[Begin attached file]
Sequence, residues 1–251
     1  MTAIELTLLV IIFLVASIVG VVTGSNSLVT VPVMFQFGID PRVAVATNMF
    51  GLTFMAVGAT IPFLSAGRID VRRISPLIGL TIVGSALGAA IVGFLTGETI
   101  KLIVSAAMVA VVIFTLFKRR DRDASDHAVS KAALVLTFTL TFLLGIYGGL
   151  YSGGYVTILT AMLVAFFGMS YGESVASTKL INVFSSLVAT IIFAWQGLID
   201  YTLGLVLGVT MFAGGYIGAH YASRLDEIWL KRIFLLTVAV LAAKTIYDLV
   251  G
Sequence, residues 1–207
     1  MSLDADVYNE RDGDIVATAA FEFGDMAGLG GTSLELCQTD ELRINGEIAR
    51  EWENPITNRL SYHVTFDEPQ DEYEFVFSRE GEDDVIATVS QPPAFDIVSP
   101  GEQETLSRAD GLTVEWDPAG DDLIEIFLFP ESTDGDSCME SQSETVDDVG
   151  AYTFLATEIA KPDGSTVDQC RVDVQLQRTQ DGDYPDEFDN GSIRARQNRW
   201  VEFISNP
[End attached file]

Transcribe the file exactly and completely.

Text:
Sequence, residues 1–251
     1  MTAIELTLLV IIFLVASIVG VVTGSNSLVT VPVMFQFGID PRVAVATNMF
    51  GLTFMAVGAT IPFLSAGRID VRRISPLIGL TIVGSALGAA IVGFLTGETI
   101  KLIVSAAMVA VVIFTLFKRR DRDASDHAVS KAALVLTFTL TFLLGIYGGL
   151  YSGGYVTILT AMLVAFFGMS YGESVASTKL INVFSSLVAT IIFAWQGLID
   201  YTLGLVLGVT MFAGGYIGAH YASRLDEIWL KRIFLLTVAV LAAKTIYDLV
   251  G
Sequence, residues 1–207
     1  MSLDADVYNE RDGDIVATAA FEFGDMAGLG GTSLELCQTD ELRINGEIAR
    51  EWENPITNRL SYHVTFDEPQ DEYEFVFSRE GEDDVIATVS QPPAFDIVSP
   101  GEQETLSRAD GLTVEWDPAG DDLIEIFLFP ESTDGDSCME SQSETVDDVG
   151  AYTFLATEIA KPDGSTVDQC RVDVQLQRTQ DGDYPDEFDN GSIRARQNRW
   201  VEFISNP